Let’s Talk Motivation in 2021


Erin Barr

Clinical Coordinator of UpStreet

Let’s talk motivation in 2021! 


Last week we posted about some of the most common things people talk about on the live chat. This week, we’re going to dive a bit deeper into one of those topics.


There seems to be a general lack of it from what we’re hearing on the chat. It’s completely understandable. You’ve been in virtual/online school forever. Online/virtual school is..shall we say less than ideal. Doing school on a cold winter morning from a place so close to your warm cozy bed makes it that much harder. Maybe some of these things will give you and your motivation a needed push in the right direction.

Temptation Bundling

Sounds more impressive than it is. At its simplest, temptation bundling is combining something you like/want to do with something that you should be doing but don’t really want to do. A good way to start temptation bundling is write a list of your most dreaded school related assignments or responsibilities. Then, write a list of things you enjoy doing and/or things you are likely to do instead of school work. See if there are any combinable options.

Have a favorite coffee shop drink? Only allow yourself to have one while sitting at a table or desk (as opposed to lying in your bed) for school. Like painting your nails? Paint them and get some reading done while waiting for them to dry. Make a playlist of favorite songs that you only listen to while doing homework.

Setting Goals

What is it that you want or need to accomplish for school on any given day or week? It can be helpful to write out your goals, not just think about them. And let’s be honest, your goal for school might just be finishing something by the due date–which is really a goal your teacher set but by default it’s now your goal too. And, btw, having a date to accomplish the goal can be helpful so keep that in mind when creating your own goals. But maybe writing all the goals down in one place will help you stay organized and on track. Take it a step further and share your goals with someone–friends, teachers, family. Ask them to help keep you accountable.

Make a To Do List

This is not a new idea. But what might be a new idea is making your to do list based on the goals that you’ve set for yourself (or your teachers have set for you). Think of the to do list as the smaller steps to help you reach your goal. For example, if your goal is to finish reading The Crucible by next Wednesday it might be helpful to make your “to do” list look something like this:

✅ Thursday read to page 73
✅ Friday read to page 113
✅ Saturday take a break, it’s the weekend!
✅ Sunday read to page 154

Breaking down larger projects or assignments into smaller and more manageable pieces can keep you motivated to get it done. We have a tendency to put things off if they feel too overwhelming. Like it’s too much to think about so it’s easier not think about it at all. It’s so easy to slip into the mindset of “I’ll never get this done.” But an achievable task can break that mentality. There is something empowering and motivating about crossing things off a list.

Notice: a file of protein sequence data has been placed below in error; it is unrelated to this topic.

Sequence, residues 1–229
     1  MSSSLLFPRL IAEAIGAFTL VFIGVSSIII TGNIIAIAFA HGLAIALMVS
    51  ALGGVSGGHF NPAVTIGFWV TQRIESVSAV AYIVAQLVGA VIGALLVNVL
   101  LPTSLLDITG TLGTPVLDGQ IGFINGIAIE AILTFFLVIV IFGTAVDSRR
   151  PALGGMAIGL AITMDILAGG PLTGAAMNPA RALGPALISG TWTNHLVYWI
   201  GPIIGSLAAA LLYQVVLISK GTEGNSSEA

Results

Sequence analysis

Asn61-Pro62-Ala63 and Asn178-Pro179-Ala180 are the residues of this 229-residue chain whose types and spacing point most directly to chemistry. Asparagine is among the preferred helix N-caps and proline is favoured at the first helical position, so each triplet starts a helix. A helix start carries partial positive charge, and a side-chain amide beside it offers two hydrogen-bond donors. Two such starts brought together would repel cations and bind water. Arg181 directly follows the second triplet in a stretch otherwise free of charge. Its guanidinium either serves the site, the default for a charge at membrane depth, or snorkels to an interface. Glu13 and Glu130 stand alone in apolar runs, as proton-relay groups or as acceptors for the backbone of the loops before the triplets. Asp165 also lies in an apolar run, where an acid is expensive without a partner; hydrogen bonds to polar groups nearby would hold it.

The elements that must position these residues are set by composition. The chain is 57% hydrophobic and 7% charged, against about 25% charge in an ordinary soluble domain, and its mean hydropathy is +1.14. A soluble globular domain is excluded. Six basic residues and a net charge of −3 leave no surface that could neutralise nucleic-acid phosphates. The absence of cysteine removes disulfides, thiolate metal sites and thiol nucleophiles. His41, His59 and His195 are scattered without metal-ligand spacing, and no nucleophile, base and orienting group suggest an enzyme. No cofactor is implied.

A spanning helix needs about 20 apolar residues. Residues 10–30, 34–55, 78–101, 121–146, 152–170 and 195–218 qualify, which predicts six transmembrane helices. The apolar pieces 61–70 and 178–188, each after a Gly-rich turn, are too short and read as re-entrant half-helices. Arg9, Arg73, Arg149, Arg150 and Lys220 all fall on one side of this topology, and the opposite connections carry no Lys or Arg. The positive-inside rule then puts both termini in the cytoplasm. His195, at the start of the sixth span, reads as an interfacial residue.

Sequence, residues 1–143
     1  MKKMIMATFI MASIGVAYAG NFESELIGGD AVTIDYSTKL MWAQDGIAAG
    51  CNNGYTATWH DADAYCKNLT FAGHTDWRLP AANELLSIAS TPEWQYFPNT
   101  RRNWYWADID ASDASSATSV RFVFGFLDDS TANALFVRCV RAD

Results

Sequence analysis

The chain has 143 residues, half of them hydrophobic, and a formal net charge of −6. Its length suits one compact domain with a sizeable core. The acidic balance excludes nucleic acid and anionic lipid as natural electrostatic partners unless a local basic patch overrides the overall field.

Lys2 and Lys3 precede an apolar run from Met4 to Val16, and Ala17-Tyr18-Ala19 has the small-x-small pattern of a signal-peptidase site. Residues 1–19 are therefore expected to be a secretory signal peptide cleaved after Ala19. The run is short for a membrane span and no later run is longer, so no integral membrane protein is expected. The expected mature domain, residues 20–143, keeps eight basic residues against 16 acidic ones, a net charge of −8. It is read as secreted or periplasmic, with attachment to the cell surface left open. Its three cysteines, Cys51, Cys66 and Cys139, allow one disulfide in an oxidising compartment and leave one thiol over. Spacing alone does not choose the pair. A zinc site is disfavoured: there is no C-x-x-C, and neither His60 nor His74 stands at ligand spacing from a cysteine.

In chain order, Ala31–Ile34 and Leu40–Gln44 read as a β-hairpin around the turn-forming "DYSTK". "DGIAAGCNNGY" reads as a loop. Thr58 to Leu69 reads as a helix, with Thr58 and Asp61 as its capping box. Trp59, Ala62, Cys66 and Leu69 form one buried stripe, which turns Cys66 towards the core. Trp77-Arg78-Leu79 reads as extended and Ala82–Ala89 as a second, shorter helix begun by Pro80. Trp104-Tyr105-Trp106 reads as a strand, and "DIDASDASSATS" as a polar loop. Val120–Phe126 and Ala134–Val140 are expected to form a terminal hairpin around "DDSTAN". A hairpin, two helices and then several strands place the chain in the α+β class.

Time Management

This can feel like an overused term sometimes but there is something to feeling like you know what you’re supposed to be doing and when. You have due dates for assignments and tests so an easy place to start is putting these dates on a calendar (paper, electronic, whiteboard). Then fill in other responsibilities–practices, club or activity meetings, work schedule, etc. Now pull out that to-do list and add these to the calendar. Be sure to include enjoyable things too–like watching a show, exercising, baking, napping, etc. Being able to visualize things can make it less daunting to get them done. It also helps you prioritize tasks. And this approach squashes the belief that you have so much school work that there is not time for fun.

Make a Did List

Sometimes it can be motivating to make a list of the things you already did. After school is over for the day and the afternoon’s homework is looming over you, jot down some of the things you accomplished already. Doesn’t have to be anything major, even something like: I did virtual school from the kitchen table instead of my bed. I participated in Biology class today. Pat yourself on the back for all the things you accomplished with minimal effort and then go tackle your homework.

Reward Yourself

Rewards can come in many different shapes and sizes. Using your goals or to-do list in a planned way can definitely help with motivation. So go back to your written goals and/or to do list. Pick a few things from either of those lists and next to it, write down something to reward yourself with after finishing the item. Algebra homework done? Take a quick nap or call a friend. Finally finished The Crucible or met your page goal for the day? Go get that latte you’ve been waiting for. Even taking a 15 minute break to do nothing can be considered a reward.

If you are like so many other people out there right now struggling to find the motivation for school, I encourage you to try one of these things. And then try it a few times to see if it makes a difference. If you want more suggestions or help applying one of these tips to your specific situation, our live chat is always an option. If any of these work for you or if you have any other tips, let us know! @upstreetpgh


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